Peaches are a favorite fruit in the United States, especially at this time of year!
They are grown in more than 30 states, including Georgia, California and Michigan. There are thousands of varieties of peaches. Some have white or pale pink flesh, others have yellow flesh. Some have white skins with a pink blush; others have a deep yellow skin with a reddish blush. When canning peaches, firm-fleshed varieties work best. Other varieties are perfect for eating out of hand. Whatever the variety, peaches are one of America’s favorite fruits and one of the country’s most important fruit crops.
There are two types of peaches, freestone and clingstone. The clingstone variety have pits/stones that cling to the flesh. With freestone peaches, the pit can easily be removed from the flesh of the fruit. Most clingstone peaches are used for commercial purposes.
Here are some tips on buying, ripening and preparing peaches for baking, cooking and eating.
1. Peaches are sold from early May through mid-September. The best time to find them is during the summer months.
2. The sweetest fruit can be found at your farmer’s market, harvested by local growers.
3. An appealing fragrance is the best indication of a ripe peach.
4. Choose peaches that yield slightly to pressure and have a yellow, not green background color.
5. The amount of pink or red blush relates to the variety, not ripeness.
6. Avoid peaches that are hard, have greenish undertones, are bruised or feel very soft.
1. Firm peaches may be ripened by placing them in a closed paper bag at room temperature for one to two days.
2. The peaches will soften and become juicy, but will not necessarily get sweeter.
3. Store peaches at room temperature until fully ripe and then refrigerate them.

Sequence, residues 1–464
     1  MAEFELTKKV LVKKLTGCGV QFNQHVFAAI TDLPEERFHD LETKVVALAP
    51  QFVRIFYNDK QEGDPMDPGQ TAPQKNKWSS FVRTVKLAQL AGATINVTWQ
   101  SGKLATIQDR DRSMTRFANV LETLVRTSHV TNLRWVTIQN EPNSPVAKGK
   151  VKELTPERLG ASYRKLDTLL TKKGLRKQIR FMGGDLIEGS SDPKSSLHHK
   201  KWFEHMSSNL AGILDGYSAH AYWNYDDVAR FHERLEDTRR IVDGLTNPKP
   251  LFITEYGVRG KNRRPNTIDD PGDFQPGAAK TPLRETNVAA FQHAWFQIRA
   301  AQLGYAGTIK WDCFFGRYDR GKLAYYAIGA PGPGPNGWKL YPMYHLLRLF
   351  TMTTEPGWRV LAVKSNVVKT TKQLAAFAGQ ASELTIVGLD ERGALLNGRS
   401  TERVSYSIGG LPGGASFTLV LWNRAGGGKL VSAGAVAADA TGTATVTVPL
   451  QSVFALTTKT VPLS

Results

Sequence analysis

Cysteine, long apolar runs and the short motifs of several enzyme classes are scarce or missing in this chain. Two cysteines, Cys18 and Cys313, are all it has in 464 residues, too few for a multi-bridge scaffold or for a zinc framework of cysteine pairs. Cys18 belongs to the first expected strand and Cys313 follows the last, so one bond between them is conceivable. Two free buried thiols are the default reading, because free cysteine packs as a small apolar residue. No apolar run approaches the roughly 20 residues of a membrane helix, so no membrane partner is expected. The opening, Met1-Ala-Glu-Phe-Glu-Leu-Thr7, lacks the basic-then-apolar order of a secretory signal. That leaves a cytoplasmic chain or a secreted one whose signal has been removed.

4. Remember that peaches are highly perishable, so don’t buy more than you plan to use.
1. Wash peaches before using.
2. Peel using a paring knife.
3. Remove pits from freestone peaches by cutting the fruit in half around the pit and twisting the halves in opposite directions.
4. To slice clingstone peaches, cut toward the center of the fruit and then around the pit, lifting out each slice as you go.
5. Cut peaches turn brown when exposed to air. Use lemon or orange juice on cut surfaces to slow browning.
6. The easiest way to peel a peach is to blanch it. First dip the peach into boiling water for about 1 minute.
7. Then plunge the peach into ice water to stop the effect of the heat. The peel will easily slip off when you use a paring knife.
8. Keep in mind that 3 medium peaches equals approximately 2¾ cups sliced peaches or 2¼ cups chopped peaches.
Peaches can be dried, canned, made into jams, jellies, and preserves, and used as filling for desserts and as an ingredient in many other dishes, from appetizers to entrees. Freezing peaches can be tricky, but is another way to make summer’s bounty last a bit longer.
Following is an entrée choice perfect for when peaches are in season. Fresh peach salsa is also delicious served with any type of cooked white fish or grilled chicken or pork chops.
Pork Chops with Peach Salsa
When looking for a quick and delicious dessert made with fresh peaches, try Grilled Caramel Peaches or Granny’s Peaches & Cream Cobbler. Grilled Caramel Peaches
Granny’s Peaches & Cream Cobbler
Peaches make a great snack with modest calories. They are a good source of potassium, vitamins A and C, and are low in sodium with no saturated fat. Introduce your family to some of these delicious recipes that make the most of the peach harvest.